What does the light bulb have to do with the U.S. Constitution? Or the board game "Monopoly"? How about the letter you wrote to the President when you were in elementary school? The answer to all three questions is: Plenty! – if you know your Constitution.
Our Constitution workshop is available as an online or on-paper activity. In both versions, students will analyze primary source documents, then establish each document's constitutional relevance.
"The Constitution at Work" Online Activity
In this online activity students will analyze primary source documents that span the course of American history to determine their connection to the U.S. Constitution. Students will then make connections between the primary sources they have examined and sections of the Constitution, and determine the big idea(s) found in the Constitution exemplified by each.
This activity is available on DocsTeach.org, the online tool for teaching with documents from the National Archives. A print version is available on the website as well.
Constitution Workshop for Print
The Constitution Workshop is a two-part group activity: Part one requires students to analyze primary source documents. Part two asks them to establish each document’s constitutional relevance.
- Suitable for grades 4 through 12
- Time needed: in-class review of the Federal period, plus 1 hour for the workshop (or more, depending on documents selected and grade level)
Legislative Branch, Executive Branch, Judicial Branch, Enumeration, Subsequent, Patent, Ratify, Amendment, Virginia Plan, New Jersey Plan, Bill of Rights, Balance of Powers
Prior to conducting this activity with your students, introduce them to the Constitution, and share or display the four pages of the Constitution for students to examine in advance of the workshop. Review the Federal period and the vocabulary list provided.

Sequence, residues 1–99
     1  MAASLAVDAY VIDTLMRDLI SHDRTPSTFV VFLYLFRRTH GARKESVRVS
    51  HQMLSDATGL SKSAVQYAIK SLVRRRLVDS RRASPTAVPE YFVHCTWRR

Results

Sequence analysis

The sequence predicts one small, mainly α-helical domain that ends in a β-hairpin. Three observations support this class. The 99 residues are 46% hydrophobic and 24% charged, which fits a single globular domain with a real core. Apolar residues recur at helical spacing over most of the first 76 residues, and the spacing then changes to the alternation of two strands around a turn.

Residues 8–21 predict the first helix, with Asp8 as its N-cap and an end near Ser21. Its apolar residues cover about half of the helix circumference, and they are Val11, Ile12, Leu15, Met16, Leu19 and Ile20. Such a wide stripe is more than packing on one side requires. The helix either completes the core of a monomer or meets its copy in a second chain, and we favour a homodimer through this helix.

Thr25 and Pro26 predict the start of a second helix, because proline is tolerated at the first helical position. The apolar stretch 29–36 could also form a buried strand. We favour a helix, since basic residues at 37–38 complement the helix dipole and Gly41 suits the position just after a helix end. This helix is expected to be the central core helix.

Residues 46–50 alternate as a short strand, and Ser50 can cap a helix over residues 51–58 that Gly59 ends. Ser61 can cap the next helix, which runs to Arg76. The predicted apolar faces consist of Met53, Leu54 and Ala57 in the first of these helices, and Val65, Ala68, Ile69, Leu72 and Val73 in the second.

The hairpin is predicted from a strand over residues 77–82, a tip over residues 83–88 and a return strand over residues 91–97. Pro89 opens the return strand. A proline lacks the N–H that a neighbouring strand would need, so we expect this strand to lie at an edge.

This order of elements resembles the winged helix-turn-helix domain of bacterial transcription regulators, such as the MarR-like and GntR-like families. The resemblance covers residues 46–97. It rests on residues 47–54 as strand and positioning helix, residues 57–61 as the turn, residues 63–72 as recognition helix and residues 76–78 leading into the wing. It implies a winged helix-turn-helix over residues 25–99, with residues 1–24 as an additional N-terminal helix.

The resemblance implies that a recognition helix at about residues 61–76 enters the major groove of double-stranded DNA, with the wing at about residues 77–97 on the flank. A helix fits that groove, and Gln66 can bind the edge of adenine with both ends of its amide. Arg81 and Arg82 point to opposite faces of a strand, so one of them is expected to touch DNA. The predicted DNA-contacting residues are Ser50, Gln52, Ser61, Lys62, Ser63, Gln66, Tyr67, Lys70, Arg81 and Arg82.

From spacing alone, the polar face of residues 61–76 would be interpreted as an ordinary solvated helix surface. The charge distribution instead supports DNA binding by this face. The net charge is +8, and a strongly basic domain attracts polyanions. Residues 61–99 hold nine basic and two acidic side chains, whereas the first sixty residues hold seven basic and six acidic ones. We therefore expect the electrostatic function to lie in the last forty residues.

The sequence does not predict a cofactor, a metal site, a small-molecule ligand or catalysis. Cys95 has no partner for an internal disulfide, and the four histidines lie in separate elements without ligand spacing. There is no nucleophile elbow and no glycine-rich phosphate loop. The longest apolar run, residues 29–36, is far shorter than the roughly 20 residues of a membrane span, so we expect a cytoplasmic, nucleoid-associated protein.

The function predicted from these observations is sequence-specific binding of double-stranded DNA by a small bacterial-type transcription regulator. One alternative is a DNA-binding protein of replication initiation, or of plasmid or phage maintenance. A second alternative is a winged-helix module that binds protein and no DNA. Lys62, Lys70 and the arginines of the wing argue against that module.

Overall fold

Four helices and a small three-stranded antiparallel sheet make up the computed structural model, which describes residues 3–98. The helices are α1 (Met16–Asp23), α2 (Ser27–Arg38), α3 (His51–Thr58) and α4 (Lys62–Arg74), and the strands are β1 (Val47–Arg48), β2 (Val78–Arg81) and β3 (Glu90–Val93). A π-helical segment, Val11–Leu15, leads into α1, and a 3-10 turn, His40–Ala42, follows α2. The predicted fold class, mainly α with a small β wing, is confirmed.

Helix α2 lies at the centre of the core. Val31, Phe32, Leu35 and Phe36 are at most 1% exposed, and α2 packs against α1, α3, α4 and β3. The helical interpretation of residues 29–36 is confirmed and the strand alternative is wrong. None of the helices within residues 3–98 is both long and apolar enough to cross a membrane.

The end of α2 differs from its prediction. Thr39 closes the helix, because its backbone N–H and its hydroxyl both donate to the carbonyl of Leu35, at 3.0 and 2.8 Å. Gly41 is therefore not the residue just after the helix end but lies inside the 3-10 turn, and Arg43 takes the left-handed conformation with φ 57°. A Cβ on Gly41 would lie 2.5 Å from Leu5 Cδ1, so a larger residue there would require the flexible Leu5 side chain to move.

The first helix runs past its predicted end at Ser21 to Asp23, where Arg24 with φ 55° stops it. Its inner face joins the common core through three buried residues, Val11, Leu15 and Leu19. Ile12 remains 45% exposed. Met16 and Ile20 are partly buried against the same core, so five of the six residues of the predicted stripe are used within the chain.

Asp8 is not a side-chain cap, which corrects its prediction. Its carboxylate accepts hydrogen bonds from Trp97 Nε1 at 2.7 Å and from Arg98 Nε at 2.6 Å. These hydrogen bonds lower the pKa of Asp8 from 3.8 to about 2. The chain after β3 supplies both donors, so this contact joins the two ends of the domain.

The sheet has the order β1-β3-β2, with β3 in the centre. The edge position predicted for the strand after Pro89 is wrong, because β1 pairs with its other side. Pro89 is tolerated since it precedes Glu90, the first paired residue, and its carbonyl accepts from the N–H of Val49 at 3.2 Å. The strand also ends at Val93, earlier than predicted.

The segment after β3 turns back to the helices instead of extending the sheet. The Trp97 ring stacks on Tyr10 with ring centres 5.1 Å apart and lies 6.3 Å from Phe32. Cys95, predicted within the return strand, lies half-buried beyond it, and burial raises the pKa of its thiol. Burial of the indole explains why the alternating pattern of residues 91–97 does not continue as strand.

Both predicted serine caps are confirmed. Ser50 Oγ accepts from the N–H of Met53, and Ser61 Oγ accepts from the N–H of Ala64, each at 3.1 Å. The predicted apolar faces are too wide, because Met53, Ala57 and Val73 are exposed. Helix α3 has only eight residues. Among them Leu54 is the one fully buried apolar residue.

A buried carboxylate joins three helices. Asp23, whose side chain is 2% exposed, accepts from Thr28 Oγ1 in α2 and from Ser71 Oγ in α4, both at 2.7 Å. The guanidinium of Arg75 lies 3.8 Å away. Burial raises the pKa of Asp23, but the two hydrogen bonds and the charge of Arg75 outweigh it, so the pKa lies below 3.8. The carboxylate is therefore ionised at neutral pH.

Divide the class into four groups (corresponding to the four pages of the Constitution), and distribute the following to each group:
- a copy of one of the four pages of the Constitution
- the corresponding transcription of their page of the Constitution
- corresponding documents (The number of documents you distribute to each group is up to you. When deciding, consider how much class time you have as well as your students’ reading abilities.)
- document analysis worksheets
Provide student groups with approximately 20 minutes to read their page of the Constitution and analyze their primary source documents (using the aid of their document analysis worksheets). Ask group members to discuss with one another how their document relates to particular article(s) and section(s) of their page of the Constitution. During this activity, circulate among your students, encouraging them to question their documents thoroughly, and provide assistance in interpreting the Constitution, where needed.
Next, invite one or two representatives from each group to describe their documents to the rest of the class, and then quote from the particular articles and sections of the Constitution that relate to the documents.
For example, group one might be given page 1 of the Constitution and a census schedule. After describing the types of information the schedule records, they should conclude that the census schedule relates to Article I, Section 2 of the Constitution because it is a method for obtaining an "actual enumeration" of the population.
Documents and Transcriptions
Article I, Sections 7-10, & Article II, Section 1:
Legislative Branch: Method of Passing Laws, Powers Granted to Congress, Powers Denied to the Federal Government, Powers Denied to the States
Executive Branch: President and Vice President, cont’d...
Article II, Sections 2-4, & Article III, Sections 1-2:
Executive Branch: Powers of the President, Duties of the President, Impeachment
Judicial Branch: The Federal Courts, Federal Court Jurisdiction, cont’d...
Article 3, Section 3, Article IV, Sections 1-4, & Articles V-VII:
Judicial Branch: Treason
The States and The Federal Government: State Records, Rights of Citizens, New States and Territories, Federal Duties to the States
Amending The Constitution
Supremacy of National Law
Ratification of The Constitution